The week at home went very quickly. After a downtime period of burning eyes, sneezing and coughing, my body readjusted to Chicago. I spent a few days happily vegetating, just hanging out, catching up and laughing with Paul before I rallied, took care o’ business, got a haircut, took Paul out to dinner this time, did a lot o’ laundry, packed and now: I am at Ragdale!
And I feel like the Ragdale Queen; not only do I have the utterly gorgeous, huge new Meadow Studio (Jack told everyone at dinner, “We built it just for Melissa”), I am living in the lovely Hayloft room for at least the first two weeks, instead of the tiny Sewing room that often goes with the studio (which is fine and cozy, really, just a tad cramped for tall-ish people because of the angled ceiling). The Hayloft has a lovely big desk for blahgwriting and for addressing an excellent last-minute opportunity that’s just appeared on my horizon. It’s all good; it’s grand.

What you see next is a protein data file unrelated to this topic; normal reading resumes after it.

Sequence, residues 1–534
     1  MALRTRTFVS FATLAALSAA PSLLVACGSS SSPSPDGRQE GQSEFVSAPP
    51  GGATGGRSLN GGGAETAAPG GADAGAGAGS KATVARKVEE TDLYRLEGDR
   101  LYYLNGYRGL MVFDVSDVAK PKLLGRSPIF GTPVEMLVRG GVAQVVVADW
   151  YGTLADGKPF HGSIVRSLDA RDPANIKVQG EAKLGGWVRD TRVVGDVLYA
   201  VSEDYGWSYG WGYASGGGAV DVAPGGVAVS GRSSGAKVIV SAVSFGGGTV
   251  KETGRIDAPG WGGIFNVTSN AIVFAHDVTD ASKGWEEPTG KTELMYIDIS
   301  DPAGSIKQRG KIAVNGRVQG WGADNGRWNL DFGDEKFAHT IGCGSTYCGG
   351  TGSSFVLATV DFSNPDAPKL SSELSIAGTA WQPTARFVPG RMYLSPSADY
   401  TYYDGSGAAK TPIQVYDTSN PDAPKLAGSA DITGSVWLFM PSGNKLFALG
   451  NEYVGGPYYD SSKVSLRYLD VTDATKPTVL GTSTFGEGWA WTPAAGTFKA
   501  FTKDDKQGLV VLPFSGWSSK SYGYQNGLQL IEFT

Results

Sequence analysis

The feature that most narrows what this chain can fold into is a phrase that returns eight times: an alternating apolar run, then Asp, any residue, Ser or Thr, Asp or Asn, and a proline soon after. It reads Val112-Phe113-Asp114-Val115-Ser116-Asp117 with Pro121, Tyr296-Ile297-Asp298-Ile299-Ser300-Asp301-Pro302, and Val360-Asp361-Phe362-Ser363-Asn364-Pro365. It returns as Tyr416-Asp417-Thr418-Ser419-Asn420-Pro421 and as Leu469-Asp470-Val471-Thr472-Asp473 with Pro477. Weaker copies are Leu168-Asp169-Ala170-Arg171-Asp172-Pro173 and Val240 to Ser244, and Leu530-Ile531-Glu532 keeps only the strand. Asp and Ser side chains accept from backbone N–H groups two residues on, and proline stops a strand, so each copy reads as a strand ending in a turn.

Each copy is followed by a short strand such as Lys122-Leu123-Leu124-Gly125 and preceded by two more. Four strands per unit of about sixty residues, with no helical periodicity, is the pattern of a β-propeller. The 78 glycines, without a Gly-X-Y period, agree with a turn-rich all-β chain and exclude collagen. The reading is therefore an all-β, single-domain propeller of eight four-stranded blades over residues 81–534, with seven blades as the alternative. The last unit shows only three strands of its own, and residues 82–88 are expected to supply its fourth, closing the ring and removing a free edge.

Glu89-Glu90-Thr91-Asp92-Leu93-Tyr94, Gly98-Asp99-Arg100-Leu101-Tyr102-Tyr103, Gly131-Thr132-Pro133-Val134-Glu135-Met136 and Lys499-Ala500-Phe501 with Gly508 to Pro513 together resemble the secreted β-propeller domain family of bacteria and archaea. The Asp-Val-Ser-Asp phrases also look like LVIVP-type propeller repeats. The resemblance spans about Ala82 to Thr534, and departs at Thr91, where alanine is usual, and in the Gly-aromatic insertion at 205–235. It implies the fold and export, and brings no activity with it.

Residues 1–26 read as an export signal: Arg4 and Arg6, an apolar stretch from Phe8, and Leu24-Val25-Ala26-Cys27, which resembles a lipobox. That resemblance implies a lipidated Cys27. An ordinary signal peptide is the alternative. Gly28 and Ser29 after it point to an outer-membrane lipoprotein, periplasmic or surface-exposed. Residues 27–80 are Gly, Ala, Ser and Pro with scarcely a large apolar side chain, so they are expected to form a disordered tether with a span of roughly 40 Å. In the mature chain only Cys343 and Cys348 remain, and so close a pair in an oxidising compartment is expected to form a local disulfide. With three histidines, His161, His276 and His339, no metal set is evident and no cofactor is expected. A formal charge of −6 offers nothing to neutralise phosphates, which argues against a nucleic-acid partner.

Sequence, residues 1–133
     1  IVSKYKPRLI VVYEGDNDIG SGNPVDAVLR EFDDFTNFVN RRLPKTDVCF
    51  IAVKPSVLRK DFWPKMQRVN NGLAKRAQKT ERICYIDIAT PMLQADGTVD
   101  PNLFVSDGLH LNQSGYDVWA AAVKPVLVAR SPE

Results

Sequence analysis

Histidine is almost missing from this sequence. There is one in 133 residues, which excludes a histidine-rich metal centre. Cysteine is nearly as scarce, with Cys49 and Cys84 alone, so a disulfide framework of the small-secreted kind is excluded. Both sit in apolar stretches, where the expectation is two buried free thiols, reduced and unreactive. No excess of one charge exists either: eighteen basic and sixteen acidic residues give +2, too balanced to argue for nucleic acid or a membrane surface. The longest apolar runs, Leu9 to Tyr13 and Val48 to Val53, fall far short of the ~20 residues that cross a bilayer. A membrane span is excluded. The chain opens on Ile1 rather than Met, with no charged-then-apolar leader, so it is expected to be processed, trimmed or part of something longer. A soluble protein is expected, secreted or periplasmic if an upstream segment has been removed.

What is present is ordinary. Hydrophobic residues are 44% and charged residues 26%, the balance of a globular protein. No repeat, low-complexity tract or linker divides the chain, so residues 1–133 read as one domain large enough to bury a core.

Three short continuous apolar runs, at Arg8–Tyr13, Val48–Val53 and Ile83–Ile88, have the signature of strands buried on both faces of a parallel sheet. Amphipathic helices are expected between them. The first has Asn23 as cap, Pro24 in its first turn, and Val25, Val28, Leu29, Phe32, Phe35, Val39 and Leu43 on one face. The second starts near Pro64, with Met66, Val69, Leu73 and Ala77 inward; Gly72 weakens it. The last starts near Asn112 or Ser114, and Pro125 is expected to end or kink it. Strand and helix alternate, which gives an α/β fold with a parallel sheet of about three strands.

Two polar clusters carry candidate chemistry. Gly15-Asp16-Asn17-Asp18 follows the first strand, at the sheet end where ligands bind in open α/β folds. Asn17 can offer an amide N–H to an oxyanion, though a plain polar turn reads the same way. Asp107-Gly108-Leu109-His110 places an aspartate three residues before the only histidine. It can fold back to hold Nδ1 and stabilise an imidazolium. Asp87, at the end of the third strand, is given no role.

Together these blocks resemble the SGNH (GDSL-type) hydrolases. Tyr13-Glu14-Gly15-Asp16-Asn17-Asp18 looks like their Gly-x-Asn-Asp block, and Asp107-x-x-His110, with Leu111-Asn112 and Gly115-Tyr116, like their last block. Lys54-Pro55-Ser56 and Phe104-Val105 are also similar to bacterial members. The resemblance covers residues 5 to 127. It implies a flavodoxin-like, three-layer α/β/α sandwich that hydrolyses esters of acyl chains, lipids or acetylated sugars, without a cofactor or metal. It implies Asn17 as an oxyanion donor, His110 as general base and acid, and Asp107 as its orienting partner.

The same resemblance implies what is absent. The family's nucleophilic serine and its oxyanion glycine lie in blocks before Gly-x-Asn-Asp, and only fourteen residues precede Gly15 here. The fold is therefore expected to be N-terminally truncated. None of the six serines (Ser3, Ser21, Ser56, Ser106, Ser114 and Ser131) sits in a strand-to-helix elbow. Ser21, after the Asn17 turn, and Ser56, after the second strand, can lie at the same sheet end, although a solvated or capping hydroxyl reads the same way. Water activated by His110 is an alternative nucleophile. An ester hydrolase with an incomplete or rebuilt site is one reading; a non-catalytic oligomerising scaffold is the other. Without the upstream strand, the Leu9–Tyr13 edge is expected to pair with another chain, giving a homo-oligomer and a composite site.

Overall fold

It’ll be like a brand-new residency; adding to that perception is the fact that for the first time in years, I’ve never been in residence with anyone who’s here now (though I’ve met two of the writers briefly).
I’m doing things differently, too. There is a piece that wants to be built, but I have several questions about how to construct this huge thing I’ve been seeing for months. I had intended to make some tests and perhaps build a maquette at I-Park, but instead, got immersed in the postponed environmental piece. So, today I packed minimally; just brought things like dyes that I know I’ll need, just enough pulp for tests, and materials to construct models. I’m going to use the first week or so to do those, make a small piece for an auction, and to learn how the new studio works for me. (I know it’s going to be a dream; I’m in love already). Then, I’ll haul anything I no longer need home, and bring back exactly what I require to build the full-size piece. I’m only an hour or so from home, but it’s a completely different world here. I’m excited and so happy, both to be back in the sublime familiarity of Ragdale, and to have it be so unknown and fresh at the same time. Woohoo!